Of course, there are many arguments in favor of attendance policies.

    In the real world, people can’t miss too many days of work without suffering some consequences. College is supposed to prepare us for the real world, so an attendance policy similar to one that students might encounter in the workplace should help train for that, right? Not necessarily. Most employees call in sick once in a while. As long as it doesn’t happen too often, in most cases employers will not fire a worker or give him or her permanent consequences – sure, maybe a reduced paycheck if those earnings are determined by the number of hours worked – because he or she got sick.

    Another point supporting attendance policies is the idea that students who are dedicated enough to make to every single class should be rewarded for their efforts, and those who don’t come every day shouldn’t receive the same considerations. But this can be accomplished in many ways. One of the fairest ways would be to give students with perfect attendance a little extra credit, or perhaps some leeway when problems arise or even when determining the final grade.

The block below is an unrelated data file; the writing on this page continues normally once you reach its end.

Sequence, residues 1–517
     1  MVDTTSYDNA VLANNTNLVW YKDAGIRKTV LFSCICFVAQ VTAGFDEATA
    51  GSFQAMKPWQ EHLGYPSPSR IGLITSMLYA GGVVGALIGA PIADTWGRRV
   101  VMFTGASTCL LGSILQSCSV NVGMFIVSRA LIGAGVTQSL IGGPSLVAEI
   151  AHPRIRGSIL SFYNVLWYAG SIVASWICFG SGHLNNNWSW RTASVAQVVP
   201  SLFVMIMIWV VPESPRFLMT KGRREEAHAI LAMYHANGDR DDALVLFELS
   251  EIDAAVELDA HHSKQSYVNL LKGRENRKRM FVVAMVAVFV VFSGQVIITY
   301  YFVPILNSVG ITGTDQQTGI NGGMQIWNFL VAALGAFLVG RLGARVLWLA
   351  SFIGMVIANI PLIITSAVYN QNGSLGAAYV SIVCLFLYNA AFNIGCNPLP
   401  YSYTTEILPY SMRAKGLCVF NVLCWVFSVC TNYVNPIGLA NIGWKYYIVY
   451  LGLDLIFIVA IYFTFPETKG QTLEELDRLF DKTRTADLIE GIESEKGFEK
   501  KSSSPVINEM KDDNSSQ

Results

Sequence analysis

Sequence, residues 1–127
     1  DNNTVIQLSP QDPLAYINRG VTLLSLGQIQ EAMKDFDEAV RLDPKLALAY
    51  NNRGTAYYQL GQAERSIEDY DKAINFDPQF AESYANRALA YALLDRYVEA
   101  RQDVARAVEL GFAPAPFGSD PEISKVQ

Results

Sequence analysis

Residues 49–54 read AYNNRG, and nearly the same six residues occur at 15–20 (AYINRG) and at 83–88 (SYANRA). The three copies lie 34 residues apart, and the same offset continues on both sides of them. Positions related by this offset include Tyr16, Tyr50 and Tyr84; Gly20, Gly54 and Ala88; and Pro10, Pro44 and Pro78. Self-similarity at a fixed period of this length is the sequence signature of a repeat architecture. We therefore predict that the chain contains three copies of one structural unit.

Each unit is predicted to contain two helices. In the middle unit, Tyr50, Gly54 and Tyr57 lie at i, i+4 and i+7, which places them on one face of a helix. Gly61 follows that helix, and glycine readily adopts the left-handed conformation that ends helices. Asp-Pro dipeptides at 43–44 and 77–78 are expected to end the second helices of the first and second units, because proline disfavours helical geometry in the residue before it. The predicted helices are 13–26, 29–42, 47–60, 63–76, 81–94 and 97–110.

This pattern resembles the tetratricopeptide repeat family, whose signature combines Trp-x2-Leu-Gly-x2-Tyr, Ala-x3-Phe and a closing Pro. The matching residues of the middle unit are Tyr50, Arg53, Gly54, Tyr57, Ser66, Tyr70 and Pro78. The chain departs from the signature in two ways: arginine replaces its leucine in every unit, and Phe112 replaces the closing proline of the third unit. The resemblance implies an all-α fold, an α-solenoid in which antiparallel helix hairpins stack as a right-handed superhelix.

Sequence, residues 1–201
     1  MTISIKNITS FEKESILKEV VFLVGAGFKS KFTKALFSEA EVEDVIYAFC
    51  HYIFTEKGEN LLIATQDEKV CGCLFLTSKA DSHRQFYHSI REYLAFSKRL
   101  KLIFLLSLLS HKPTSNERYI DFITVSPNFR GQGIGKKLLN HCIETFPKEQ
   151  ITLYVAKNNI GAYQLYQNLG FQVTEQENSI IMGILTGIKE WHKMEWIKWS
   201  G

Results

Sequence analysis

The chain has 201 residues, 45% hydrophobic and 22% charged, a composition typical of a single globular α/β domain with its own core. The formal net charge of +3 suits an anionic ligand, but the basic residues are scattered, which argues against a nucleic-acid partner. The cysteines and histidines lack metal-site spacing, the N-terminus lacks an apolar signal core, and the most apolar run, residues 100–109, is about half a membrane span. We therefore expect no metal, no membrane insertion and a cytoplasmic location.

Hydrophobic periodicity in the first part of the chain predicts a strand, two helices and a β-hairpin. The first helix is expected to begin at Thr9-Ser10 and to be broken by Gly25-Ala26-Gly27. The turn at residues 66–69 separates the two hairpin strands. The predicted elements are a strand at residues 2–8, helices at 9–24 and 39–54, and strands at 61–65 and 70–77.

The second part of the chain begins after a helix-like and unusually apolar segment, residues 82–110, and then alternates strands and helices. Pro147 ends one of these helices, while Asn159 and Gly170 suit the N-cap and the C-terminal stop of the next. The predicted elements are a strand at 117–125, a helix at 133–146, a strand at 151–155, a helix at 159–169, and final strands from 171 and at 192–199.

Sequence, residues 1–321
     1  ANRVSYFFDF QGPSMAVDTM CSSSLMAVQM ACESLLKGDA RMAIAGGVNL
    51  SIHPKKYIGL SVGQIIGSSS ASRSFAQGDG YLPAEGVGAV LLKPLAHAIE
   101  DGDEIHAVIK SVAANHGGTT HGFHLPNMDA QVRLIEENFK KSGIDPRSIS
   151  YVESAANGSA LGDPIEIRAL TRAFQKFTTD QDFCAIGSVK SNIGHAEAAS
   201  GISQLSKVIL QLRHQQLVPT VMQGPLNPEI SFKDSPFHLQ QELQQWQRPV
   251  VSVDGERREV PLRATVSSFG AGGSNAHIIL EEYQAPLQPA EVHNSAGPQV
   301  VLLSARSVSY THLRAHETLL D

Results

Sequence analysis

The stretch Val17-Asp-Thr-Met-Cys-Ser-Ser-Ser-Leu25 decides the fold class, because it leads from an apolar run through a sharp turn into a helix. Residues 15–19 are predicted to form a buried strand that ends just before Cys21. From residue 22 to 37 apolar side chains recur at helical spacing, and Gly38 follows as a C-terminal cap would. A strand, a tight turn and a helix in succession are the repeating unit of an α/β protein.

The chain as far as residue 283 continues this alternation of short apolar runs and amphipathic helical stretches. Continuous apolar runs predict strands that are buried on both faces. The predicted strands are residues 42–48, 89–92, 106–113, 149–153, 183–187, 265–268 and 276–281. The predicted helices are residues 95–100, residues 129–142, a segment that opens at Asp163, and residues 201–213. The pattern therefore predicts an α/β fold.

Finally, the simple fact is that professors devote pretty much their entire lives to teaching these classes, and the least we students could do is show up. Some would say it’s just plain rude to the professor if students simply don’t show up to half their classes. And it is. So if students do get the benefit of a lax attendance policy, they shouldn’t abuse it.

    All things told, it’s a good idea to require students to come to class in one way or another. But some professors simply have unreasonable attendance policies. After all, it’s not uncommon for a student to have to miss more than one meeting of a class in a given semester for one reason or another. So is it really right to lower that student’s grade for just two absences?

    More than three is a fair line to draw. But another method of attendance policy might seem more attractive.

    Some professors make attendance and/or class participation a small portion of a student’s grade, say 5 percent or 10 percent. The professor would then give a student a point for just showing up, and another point for saying something each class. Of course, the actual point values vary from course to course, from professor to professor.

    This way, students who go every day are rewarded. Students who don’t go often enough are punished. And those who have to miss a few times because of sickness or other personal reasons aren’t just doomed to an automatically lower grade. And there can still be a maximum number of absences, perhaps a considerably higher number, simply to keep students from abusing the policy.

    Ultimately, when faculty members make their attendance policies a little more lax and students don’t abuse those policies, everyone wins out in the end.

    Associate Editor Jarod Daily is a senior news-editorial journalism major from Keller.